A green light to greatness.®


Can I get a witness?

On a cold, winter night, fuzzy with drift of a steady snowfall, I stood behind the closed door of my walk-in closet. In the dark. Half-dressed. Shivering. A quiet and subtle flow of warm air confirmed what I knew to be true and logical — my home’s heating system still worked. In the dim light, the clothes that surrounded me appeared as vague, indistinctive shapes, lurking menacingly, had I not known each fabric piece personally and intimately. I should have felt safe in my own home. Logically. But my rapid heartbeats contradicted sound judgment.


When I came back from Africa, my house was gone. I knew it wouldn’t be there. From a safe distance, nearly 6,000 miles east of Texas, I had tracked its final moments. When the windows exploded. When the roof ripped off. When the bricks blew away. ... The Internet told the story of the tornado that destroyed my house. What it could not tell me was if the people inside my house had survived. If my husband, my mother, and my dog were alive.

The children left behind

The deputies and agents continually scanned their quadrants of the area for signs of movement. Then suddenly with no lights on, the front door swung partially open. Focusing on the green glow that a warm body gives off, one deputy saw through his binoculars a small dark figure run out through the front gate to the unpaved road. The little body, clothed in what looked like a skeleton outline, looked left then right, then ran back into the house.

Searching for Sarah Powell

At an age when young girls started to wear their skirts down and their hair up and blush from the attention of young men, she had to become manager of the farm and caretaker of her mother. Sarah tied on a bonnet to shade her skin, pulled work gloves over hands more accustomed to stirring biscuits, and hitched the plow behind the family mule. Single-handedly she managed chickens, cows, a garden, and acres of cotton and sorghum.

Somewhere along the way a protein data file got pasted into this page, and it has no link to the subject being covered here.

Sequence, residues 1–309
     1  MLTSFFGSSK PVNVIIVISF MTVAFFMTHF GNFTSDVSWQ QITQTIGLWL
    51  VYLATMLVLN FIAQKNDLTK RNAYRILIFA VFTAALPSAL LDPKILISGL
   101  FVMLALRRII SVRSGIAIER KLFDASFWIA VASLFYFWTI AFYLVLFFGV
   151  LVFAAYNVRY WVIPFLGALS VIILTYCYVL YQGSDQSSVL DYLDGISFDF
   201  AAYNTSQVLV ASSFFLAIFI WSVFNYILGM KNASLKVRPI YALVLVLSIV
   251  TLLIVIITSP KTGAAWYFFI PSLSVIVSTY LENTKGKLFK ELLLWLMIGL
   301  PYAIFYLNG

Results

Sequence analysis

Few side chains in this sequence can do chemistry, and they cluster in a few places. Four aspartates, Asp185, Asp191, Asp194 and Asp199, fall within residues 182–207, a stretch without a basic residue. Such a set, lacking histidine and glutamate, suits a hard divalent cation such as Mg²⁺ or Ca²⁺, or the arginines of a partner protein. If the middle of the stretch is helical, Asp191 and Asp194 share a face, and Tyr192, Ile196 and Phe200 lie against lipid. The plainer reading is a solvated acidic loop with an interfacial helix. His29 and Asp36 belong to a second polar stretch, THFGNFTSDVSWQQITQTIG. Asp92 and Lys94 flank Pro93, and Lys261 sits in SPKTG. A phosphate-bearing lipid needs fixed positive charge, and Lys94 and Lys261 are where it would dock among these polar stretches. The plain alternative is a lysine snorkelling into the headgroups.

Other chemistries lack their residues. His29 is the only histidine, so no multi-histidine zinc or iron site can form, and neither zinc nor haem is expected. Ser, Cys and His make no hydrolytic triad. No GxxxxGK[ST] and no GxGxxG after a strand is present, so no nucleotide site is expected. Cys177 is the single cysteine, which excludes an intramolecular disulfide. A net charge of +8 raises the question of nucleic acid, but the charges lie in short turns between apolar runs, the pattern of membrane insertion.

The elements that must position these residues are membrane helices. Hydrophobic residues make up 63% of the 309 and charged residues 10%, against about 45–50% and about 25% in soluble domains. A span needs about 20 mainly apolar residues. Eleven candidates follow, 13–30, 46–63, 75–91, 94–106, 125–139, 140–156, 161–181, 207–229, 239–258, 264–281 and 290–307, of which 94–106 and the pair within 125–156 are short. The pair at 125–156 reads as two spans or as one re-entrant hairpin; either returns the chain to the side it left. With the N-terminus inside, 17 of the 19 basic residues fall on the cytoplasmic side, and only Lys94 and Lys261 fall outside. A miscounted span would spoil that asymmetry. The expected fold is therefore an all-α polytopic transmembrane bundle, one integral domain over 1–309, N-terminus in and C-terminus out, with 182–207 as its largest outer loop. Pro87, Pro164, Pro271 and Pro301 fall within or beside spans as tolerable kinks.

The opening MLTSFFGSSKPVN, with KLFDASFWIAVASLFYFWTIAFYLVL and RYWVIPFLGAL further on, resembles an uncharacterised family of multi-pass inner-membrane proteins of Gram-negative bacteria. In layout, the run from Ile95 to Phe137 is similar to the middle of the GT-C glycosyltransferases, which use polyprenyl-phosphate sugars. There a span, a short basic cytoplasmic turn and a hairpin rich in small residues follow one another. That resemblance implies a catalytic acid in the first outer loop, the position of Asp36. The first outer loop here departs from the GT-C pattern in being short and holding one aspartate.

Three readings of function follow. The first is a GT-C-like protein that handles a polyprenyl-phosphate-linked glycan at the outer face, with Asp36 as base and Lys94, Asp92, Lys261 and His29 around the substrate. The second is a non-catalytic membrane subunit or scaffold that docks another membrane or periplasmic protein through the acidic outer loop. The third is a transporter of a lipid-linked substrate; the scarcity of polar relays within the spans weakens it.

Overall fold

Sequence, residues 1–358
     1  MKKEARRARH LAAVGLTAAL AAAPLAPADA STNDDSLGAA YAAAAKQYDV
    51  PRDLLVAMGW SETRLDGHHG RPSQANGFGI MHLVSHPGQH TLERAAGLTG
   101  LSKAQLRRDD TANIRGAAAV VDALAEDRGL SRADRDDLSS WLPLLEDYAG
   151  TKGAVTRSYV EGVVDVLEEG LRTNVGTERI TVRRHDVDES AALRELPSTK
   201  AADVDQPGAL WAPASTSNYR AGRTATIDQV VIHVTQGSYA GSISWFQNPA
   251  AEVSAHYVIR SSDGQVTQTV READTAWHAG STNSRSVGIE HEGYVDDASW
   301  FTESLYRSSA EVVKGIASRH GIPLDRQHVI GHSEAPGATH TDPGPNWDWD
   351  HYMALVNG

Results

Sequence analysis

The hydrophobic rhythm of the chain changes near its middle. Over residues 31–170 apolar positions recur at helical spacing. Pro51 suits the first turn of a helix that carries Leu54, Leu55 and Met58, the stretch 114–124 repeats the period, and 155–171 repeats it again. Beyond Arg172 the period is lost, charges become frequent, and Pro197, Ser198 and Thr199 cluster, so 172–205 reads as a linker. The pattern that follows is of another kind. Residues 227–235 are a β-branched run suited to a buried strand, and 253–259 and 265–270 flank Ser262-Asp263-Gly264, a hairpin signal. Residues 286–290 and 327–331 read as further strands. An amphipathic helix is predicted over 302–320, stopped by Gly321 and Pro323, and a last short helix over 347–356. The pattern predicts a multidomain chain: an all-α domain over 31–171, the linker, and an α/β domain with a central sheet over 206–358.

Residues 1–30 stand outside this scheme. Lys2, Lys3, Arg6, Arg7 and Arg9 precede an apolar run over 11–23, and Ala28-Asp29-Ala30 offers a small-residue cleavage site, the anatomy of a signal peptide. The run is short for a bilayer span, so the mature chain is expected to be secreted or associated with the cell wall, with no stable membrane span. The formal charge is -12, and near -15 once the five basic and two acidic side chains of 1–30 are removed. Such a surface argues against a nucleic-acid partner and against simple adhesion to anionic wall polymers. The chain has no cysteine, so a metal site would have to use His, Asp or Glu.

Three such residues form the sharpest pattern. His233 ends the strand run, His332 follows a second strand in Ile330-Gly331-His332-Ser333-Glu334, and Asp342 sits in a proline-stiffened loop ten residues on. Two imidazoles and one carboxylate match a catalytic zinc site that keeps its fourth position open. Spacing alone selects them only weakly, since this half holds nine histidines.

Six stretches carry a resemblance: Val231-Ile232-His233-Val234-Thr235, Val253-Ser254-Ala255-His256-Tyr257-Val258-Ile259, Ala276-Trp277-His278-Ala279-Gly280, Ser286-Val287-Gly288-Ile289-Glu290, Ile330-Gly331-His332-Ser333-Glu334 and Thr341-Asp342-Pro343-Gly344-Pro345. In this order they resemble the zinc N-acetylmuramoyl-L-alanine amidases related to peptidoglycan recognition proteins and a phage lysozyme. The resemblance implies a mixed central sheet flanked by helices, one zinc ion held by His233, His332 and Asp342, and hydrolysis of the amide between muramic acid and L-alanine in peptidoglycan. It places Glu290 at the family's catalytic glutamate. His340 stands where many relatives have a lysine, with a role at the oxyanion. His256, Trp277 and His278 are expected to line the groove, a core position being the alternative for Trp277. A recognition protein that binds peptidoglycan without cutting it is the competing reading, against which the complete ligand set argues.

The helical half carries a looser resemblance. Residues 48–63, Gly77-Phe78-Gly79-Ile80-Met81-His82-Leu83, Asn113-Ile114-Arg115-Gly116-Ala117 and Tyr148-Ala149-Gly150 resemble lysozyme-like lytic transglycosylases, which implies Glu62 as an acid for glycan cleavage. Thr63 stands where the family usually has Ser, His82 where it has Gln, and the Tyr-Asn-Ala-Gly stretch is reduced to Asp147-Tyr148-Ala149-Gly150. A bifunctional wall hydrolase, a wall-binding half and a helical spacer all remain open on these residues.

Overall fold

My mother's bread

Food haunted my dreams whether I was awake or asleep. I dreamed of ice cream, and Snickers bars, and breakfast tacos and waffles with syrup. Every inch of my body longed for sugary snow cones with their syrup dripping down my wrists in the summer, or glazed donuts that made my jaw tighten with their sweetness, or French fries dipped in milkshakes. Mostly, though, I craved my mother’s bread.

Mourning a mother still here

My mother is lost. The woman who has spent the better part of her adult life driving around the bustling metropolis of her birth, a place she knows as well as the ancient spice rack perched on her kitchen counter, is hopelessly, irretrievably lost.

Milledgeville, a bird sanctuary

If you’ve ever watched the sky, you’re likely to have noticed birds circling — some to track their prey, some so deeply invested in susurration that they seem to share one mind and one breath of wind. And some birds — searching as we all do for the way home — circle an area to orientate themselves for navigation purposes.


All my life but I never could tell what was really going on with him. I couldn’t tell what was really going on with him because it was hard to pinpoint exactly who he was as he mimicked many ghetto legends very well. His favorite being Jay Z. He is a man of many faces. Faces he uses to hide the one he cannot face in the mirror.

Digging up, digging deep

Bathed in sunlight and clothed in torn khaki trousers, green shirt, rope belt, and blue canvas shoes, the bloated corpse drifted south with the Hillsborough River toward Tampa Bay. Stuffed inside his pockets were Lucky Strikes, Pall Malls, and matches, along with three pennies, a pink comb, and a church key for opening beers.